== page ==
They want to keep the dream alive.
A pair of Brooklyn teens are leading the charge to save the historic Grand Prospect Hall, as its new owner races to demolish it.
Solya Spiegel, 16, and Toby Pannone, 18, are spearheading the grassroots campaign to landmark the Victorian dance hall, launching an online petition and putting in a formal request for the Landmarks Preservation Commission to review the premises before the wrecking balls swing.
“Why would we give this away?” said Spiegel. “This is such an amazing part of Brooklyn, it’s incredible.”
The ballroom on Prospect Avenue near Fifth Avenue was listed on the National Register of Historic Places in 1999, but is not landmarked, meaning it can potentially be demolished. Developer Angelo Rigas purchased the building from the Halkias family in a multi-property $22 million deal in July of this year, and almost immediately filed yet-to-be-approved demolition permits, as Brooklyn Paper first reported. Rigas could not be reached for comment.
The National Register describes the hall, first built in 1892 and rebuilt in 1903, as the best example of a Victorian ballroom that exists in the country. After a fire in 1900, it reopened in its current form, redesigned by architect Ulrich J Huberty, a prominent architect who also designed the landmarked Prospect Park Boathouse and Tennis House. The hall is also home to one of Brooklyn’s earliest elevators, which was installed when the building was built and still operational when the wedding venue closed for business at the start of the pandemic.
“In addition to its significance as an outstanding specimen of its architectural type and period, Prospect Hall is an important example of the large ethnic social/cultural/entertainment facility, a building type that existed in large urban immigrant neighborhoods nationwide at the turn of the 20th century,” read National Historic Register documents on the hall.
The venue lay dormant for many years of the 20th Century before being purchased by the Halkias family in 1981, who restored the property and became local celebrities thanks to their constantly-airing low-budget commercials with the “we make your dreams come true!” tagline.
Spiegel and Pannone have a personal affinity towards the historic hall, similar to ones forged by thousands of Brooklynites over the years, whether through attending weddings at the hall, attending a concert there, or just seeing their commercials on local television.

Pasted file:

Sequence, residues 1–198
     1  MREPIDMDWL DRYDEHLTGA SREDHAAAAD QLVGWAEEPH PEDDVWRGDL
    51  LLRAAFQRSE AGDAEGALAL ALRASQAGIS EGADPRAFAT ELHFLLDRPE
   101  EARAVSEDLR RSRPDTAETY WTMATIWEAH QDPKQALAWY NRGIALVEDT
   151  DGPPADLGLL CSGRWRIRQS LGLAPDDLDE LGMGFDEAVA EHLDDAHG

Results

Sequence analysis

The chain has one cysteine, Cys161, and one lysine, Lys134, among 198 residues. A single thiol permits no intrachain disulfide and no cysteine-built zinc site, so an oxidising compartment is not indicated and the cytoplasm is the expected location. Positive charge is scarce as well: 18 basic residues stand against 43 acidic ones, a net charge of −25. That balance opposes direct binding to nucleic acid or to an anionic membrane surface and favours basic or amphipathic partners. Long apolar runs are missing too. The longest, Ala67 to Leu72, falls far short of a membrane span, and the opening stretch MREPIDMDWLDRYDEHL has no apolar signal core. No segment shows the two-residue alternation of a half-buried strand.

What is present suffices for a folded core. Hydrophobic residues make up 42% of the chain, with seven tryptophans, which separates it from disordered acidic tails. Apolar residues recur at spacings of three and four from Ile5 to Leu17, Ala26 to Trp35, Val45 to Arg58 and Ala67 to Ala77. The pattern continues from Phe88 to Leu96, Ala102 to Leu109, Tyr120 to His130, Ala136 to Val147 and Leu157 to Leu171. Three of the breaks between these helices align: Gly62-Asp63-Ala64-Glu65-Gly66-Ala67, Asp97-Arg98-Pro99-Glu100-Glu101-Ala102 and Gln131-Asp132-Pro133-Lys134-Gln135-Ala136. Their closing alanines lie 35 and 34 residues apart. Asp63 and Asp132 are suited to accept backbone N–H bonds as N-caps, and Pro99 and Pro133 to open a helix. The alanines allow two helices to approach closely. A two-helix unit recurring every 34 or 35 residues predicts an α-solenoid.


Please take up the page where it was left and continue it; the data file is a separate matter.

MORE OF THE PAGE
Spiegel’s connection to Grand Prospect Hall was formed through Goldenfest, a yearly brass music festival that transforms the sprawling venue into a bumping Balkan hoedown. Spiegel, a Kensington resident, ended up playing violin in the kids’ band at the fest after attending with her family for years.
“It’s super important for me,” she said. “I go every day that I can when it happens. I spend hours and hours there just hanging out with my friends, it’s such an important place to me.”
While the full demolition permits are yet to be granted by the Department of Buildings, interior demolition permits have been granted, giving construction crews the go-ahead to take a sledgehammer to the interior of the historic hall. On a recent visit, Brooklyn Paper saw from the street level historical features such as the ceiling still intact, with a number of dumpsters lined up outside the building waiting to be filled. Construction workers could be seen milling around the site.
A partial stop-work order was also issued by the city regarding the Polish American WWII Veterans memorial in the Eastern courtyard of the building, stating that no work can be done on the memorial. The shrine is a relic of the property’s previous owners, a Polish-American organization that lost the hall in foreclosure, clearing the way for the Halkias’ to purchase it.
Meanwhile, Spiegel and Pannone have made a formal request with the LPC for review, and if the commission calendars the Grand Prospect Hall for consideration of landmark status, it will be spared demolition at least until a ruling is made.
“I think it’s something to be considered,” Pannone said. “It’s the best example of a Victorian ballroom in the country, demolishing it would be a total loss.”